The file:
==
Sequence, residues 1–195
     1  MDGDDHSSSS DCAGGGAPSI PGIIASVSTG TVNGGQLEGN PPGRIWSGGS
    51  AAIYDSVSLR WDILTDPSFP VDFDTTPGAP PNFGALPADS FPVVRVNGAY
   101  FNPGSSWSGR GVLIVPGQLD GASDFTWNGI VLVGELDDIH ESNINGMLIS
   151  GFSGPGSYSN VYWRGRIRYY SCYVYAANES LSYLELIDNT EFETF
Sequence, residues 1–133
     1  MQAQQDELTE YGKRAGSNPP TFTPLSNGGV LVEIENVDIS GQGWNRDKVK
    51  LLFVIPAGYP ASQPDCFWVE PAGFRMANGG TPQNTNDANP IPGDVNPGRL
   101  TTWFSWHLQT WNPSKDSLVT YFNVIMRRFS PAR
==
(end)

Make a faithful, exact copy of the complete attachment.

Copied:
Sequence, residues 1–195
     1  MDGDDHSSSS DCAGGGAPSI PGIIASVSTG TVNGGQLEGN PPGRIWSGGS
    51  AAIYDSVSLR WDILTDPSFP VDFDTTPGAP PNFGALPADS FPVVRVNGAY
   101  FNPGSSWSGR GVLIVPGQLD GASDFTWNGI VLVGELDDIH ESNINGMLIS
   151  GFSGPGSYSN VYWRGRIRYY SCYVYAANES LSYLELIDNT EFETF
Sequence, residues 1–133
     1  MQAQQDELTE YGKRAGSNPP TFTPLSNGGV LVEIENVDIS GQGWNRDKVK
    51  LLFVIPAGYP ASQPDCFWVE PAGFRMANGG TPQNTNDANP IPGDVNPGRL
   101  TTWFSWHLQT WNPSKDSLVT YFNVIMRRFS PAR